Each morning as I stretch on my yoga mat I watch Morning Joe on MSNBC. Today, I am struck by the integrity of a guest commentator. “I don’t have all the facts” says the former federal prosecutor who is not willing to pass judgment on a political matter without hearing from all the parties. The show’s host pressed this guest to make a determination about guilt or innocence but the host is met by a second refusal. While talking heads and bar room brainiacs may be quick to take sides, the television exchange I am watching is a model of judiciousness and spirituality.
Take a look at the opening verses of Deuteronomy as Moses revisits the travels of the Hebrews in the wilderness. First stop is Mount Horeb, also known as Sinai. What happened at Sinai? The text tells us that first God helped Moses to appoint Judges. Those Judges were impartial arbiters regarding all disputes. “I charged your magistrates at that time as follows, “Hear out your fellow men, and decide justly between any man and a fellow Israelite or a stranger. You shall not be partial in judgment: hear out low and high alike. Fear no man, for judgment is God’s. And any matter that is too difficult for you, you shall bring to me and I will hear it.”” Deut 1:16 -17.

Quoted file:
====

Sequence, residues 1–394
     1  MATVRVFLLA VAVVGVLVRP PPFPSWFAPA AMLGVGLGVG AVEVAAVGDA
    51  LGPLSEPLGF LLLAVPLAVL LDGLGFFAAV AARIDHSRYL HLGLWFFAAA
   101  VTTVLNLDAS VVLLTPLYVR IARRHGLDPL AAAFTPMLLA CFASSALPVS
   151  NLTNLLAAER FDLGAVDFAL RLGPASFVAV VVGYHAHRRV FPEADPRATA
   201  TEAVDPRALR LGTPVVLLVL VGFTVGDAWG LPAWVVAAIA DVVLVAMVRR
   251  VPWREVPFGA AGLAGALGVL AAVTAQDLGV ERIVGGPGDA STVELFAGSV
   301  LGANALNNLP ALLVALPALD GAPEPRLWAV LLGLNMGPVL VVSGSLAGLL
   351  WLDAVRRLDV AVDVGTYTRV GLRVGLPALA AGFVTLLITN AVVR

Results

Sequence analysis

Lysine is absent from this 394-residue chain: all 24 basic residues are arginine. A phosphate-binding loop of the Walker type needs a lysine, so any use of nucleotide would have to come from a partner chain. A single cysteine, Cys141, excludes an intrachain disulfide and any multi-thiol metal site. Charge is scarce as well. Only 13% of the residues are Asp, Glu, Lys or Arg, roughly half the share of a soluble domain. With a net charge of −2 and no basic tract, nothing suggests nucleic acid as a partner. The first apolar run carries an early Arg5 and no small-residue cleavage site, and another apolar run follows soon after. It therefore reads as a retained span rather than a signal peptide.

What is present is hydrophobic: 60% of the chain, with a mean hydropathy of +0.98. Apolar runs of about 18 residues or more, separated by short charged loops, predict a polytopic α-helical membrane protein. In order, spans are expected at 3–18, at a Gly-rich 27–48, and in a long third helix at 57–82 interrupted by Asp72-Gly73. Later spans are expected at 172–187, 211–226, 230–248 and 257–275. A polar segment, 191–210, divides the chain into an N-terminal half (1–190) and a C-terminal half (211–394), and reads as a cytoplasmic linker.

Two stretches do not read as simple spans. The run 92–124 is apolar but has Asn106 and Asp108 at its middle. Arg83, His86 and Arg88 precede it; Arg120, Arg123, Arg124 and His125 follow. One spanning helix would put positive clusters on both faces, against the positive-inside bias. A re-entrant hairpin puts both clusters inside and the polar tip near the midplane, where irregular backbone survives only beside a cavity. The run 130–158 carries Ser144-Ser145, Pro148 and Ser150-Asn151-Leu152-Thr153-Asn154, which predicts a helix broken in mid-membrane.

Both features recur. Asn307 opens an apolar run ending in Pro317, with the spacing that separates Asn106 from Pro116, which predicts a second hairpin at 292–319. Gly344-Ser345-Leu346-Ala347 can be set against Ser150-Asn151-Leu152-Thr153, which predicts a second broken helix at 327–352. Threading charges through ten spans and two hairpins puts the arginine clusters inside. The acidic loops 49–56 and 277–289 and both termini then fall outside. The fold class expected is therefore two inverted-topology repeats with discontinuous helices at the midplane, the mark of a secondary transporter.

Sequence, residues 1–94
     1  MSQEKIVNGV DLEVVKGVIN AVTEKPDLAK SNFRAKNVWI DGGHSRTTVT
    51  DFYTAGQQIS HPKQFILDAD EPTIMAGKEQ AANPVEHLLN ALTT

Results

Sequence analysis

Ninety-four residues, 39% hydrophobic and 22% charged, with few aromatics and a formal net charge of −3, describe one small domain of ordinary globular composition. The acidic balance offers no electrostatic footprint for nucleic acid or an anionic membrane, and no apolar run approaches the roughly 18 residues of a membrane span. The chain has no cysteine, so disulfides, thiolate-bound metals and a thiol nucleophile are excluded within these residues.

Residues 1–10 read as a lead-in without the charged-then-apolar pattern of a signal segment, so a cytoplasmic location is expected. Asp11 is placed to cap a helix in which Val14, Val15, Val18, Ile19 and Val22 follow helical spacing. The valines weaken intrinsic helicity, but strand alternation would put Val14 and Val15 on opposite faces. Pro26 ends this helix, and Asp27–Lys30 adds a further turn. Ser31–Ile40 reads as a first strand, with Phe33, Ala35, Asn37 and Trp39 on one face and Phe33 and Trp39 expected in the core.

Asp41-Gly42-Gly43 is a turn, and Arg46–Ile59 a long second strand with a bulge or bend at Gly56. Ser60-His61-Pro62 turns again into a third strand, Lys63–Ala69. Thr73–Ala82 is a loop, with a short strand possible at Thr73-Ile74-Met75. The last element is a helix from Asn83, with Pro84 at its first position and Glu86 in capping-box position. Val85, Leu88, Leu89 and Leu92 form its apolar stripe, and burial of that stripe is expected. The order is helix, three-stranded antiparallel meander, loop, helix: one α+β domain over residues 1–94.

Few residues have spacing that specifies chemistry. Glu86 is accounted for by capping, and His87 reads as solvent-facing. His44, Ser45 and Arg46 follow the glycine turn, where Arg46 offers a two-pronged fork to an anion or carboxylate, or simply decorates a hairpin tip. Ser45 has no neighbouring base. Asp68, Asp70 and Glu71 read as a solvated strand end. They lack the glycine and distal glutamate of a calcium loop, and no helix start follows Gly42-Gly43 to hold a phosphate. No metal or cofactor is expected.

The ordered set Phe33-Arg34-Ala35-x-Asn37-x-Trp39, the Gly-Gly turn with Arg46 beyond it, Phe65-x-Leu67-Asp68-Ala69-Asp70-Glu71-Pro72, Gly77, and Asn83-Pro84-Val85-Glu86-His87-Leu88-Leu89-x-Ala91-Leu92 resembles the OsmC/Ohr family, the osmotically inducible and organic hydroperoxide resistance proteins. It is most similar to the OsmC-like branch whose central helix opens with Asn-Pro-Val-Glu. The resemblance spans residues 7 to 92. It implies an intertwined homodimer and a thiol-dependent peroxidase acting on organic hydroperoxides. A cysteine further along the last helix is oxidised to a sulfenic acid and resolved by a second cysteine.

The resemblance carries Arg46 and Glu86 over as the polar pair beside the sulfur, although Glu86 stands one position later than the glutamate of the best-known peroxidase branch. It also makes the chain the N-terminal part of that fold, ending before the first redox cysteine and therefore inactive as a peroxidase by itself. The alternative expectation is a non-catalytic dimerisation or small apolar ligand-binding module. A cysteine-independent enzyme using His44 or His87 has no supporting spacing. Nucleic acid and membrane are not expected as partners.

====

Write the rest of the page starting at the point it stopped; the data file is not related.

In order to avoid bias, sufficient facts are vital. The unbiased offer of judgment is a juridical ideal and a spiritual requisite. The juridical ideal is to obtain information from both sides of an issue before offering a judgment. The spiritual requisite is that judgment is a Godly enterprise. The text warns us that we might be making a leap over faith when we judge without hearing from both “low and high alike.”
Torah doesn’t permit bias when we offer a judgment. Biased judgment impedes our ability to relate to other people. Whether in business, politics or nonprofit organizations, we are often pressed to pick sides like a schoolyard kick ball game. As a result, communities may become polarized. Emotions get whipped up with incomplete and highly charged information; be it from news anchors, twitter feeds or Facebook friends.
Torah directs us to avoid partisanship to create a more just society.. We might begin with the way we treat each other in our spiritual communities – in synagogues, and non-profit organizations, in educational institutions and in advocacy groups. Failing to give due consideration to both low and high, we might not treat other human beings with the due consideration that God demands of us. Judgment is a spiritual endeavor, not merely a legal matter. And that is why courtrooms are often adorned with the words “in God we trust.”
When next you are presented with a matter of controversy or consternation, ask questions and pursue the facts before taking sides or offering a judgment. The process of deciding is a holy matter and spiritual practice. And when we fail to judge evenhandedly, we fail to allow God to preside.
R’ Evan J. Krame